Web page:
We were out the last 4 days so might be too late to have responded to this. I think our temps were mid 30s in the morning and went up to the 60s on our way down with a lot of sun exposure since it was a blue sky day. The lower route was in shade and was in good condition, the upper slopes were just starting to soften up to the point bootsteps were getting sloppy at the very top by 10:30am. If you made it up there how was that constriction point where you have to transition to rock?
  5. [TR] Mount Buckner - North Face 07/19/2020

    I wasn't taking it as a critique, just explaining how we did the route deciding on more simulclimbing to speed it up. Lots of ways it can be done.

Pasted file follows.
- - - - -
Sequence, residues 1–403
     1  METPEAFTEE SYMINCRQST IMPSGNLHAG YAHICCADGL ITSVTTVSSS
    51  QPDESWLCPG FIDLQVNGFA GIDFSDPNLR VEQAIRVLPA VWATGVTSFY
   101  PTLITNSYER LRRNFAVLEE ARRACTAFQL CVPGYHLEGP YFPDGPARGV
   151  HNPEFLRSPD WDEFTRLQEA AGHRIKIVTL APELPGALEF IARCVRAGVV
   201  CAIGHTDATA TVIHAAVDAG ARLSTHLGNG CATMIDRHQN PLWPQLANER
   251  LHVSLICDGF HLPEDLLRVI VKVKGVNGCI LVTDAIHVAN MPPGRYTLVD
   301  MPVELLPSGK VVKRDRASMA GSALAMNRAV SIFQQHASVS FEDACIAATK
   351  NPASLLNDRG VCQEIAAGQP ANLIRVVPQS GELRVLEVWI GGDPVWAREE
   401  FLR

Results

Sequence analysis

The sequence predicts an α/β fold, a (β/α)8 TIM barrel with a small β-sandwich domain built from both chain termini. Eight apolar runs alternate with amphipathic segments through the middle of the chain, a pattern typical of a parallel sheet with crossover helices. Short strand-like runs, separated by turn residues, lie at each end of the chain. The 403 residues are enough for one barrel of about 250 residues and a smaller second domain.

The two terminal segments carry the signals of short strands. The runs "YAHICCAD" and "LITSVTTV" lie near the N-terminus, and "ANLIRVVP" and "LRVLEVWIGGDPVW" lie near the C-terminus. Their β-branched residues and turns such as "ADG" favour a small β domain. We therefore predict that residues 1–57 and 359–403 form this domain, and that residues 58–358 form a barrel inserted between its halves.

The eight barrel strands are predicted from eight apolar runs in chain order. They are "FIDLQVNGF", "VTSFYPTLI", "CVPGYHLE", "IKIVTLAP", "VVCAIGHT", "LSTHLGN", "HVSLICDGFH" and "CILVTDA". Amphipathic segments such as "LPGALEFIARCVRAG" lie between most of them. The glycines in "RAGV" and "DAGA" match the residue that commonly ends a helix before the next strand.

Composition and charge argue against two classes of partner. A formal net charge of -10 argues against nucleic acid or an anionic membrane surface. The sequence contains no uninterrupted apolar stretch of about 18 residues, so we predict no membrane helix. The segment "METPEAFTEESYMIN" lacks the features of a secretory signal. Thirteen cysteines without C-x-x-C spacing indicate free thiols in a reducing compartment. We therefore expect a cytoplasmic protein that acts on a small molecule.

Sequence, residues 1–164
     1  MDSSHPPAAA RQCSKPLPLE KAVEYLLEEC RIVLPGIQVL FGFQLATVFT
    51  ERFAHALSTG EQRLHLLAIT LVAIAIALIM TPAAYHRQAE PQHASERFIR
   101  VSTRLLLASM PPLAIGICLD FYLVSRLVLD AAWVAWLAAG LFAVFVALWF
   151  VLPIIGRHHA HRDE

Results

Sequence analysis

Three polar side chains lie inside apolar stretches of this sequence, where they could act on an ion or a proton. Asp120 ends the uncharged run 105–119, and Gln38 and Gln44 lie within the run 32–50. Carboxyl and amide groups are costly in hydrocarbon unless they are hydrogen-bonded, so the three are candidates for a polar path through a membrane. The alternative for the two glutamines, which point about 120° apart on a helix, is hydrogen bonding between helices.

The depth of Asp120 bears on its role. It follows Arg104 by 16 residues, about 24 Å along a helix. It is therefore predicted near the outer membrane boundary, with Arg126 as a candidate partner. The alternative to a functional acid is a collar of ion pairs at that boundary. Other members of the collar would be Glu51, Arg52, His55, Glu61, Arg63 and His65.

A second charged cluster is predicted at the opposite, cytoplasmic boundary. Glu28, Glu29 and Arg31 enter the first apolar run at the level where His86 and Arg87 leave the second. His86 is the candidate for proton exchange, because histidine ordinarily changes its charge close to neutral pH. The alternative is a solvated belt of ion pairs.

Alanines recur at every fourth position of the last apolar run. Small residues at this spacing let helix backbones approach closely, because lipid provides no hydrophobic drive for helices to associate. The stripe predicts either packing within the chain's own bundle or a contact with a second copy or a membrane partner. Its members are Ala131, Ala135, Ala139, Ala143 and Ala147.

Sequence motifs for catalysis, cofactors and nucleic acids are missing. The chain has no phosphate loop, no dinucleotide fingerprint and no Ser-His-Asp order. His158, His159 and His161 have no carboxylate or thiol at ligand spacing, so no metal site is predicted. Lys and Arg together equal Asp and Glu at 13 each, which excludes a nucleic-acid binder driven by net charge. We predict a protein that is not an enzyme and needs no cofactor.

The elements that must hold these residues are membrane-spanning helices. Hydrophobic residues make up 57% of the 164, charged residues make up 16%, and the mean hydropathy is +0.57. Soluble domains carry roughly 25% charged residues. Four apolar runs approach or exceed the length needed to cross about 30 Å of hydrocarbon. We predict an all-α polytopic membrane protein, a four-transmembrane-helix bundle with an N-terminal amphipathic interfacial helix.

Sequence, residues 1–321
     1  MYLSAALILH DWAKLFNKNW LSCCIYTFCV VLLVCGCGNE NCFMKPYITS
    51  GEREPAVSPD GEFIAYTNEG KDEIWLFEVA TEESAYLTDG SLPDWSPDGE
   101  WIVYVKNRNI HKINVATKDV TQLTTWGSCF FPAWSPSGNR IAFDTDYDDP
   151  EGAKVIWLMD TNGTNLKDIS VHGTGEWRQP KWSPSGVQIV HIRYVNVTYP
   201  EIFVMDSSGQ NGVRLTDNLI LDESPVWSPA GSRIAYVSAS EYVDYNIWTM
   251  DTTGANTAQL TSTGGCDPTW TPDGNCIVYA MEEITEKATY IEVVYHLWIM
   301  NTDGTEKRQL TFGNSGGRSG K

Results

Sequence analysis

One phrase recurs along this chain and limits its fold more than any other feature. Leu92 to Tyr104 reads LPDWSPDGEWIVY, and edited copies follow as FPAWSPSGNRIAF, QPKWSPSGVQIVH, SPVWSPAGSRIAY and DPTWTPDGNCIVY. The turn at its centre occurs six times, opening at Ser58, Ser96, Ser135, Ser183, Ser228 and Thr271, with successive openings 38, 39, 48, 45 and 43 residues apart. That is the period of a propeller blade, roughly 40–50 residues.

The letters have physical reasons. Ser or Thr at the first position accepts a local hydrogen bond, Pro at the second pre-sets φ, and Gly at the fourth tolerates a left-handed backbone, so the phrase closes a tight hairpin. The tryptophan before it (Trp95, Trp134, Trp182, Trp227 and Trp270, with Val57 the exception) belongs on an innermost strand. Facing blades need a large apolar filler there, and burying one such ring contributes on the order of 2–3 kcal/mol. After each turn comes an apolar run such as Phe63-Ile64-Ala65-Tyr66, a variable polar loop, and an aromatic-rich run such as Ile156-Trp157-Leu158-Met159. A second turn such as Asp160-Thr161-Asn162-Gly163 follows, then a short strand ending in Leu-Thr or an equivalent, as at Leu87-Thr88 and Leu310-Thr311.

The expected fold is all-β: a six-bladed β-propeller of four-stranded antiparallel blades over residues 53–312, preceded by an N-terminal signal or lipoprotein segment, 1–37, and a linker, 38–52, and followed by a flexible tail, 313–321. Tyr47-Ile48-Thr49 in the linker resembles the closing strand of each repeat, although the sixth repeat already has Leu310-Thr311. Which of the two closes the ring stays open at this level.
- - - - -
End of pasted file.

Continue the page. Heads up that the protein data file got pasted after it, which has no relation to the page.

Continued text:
6. [TR] Mount Buckner - North Face 07/19/2020

    Its only 4 pickets for about a 1300ft of climbing. Simulclimbing with 1 picket in at any time between us on a 37m rope, with some simulclimbing at the beginning and end. Did the whole thing in 4 pitches. Not much in the way of any other kind of pro (rock or ice screws) so pickets were the only way to protect it. Which I think only 1 picket at a time if you really think about it you might as well just be soloing it since the snow was on the softer side. But it was nice to have a couple pieces in around the constriction point having to move onto the loose and wet rock section.